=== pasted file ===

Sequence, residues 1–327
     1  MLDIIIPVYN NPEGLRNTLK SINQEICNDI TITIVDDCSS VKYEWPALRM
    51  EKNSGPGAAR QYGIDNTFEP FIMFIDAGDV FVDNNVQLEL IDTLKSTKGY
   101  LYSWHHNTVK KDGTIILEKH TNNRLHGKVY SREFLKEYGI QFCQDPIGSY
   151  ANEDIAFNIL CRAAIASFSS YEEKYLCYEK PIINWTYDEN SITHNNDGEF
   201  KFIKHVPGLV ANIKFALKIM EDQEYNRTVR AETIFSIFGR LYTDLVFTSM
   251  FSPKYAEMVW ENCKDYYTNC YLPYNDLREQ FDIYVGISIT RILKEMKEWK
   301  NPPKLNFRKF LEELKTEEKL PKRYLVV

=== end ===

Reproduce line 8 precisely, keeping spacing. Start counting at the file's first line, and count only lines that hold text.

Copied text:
   301  NPPKLNFRKF LEELKTEEKL PKRYLVV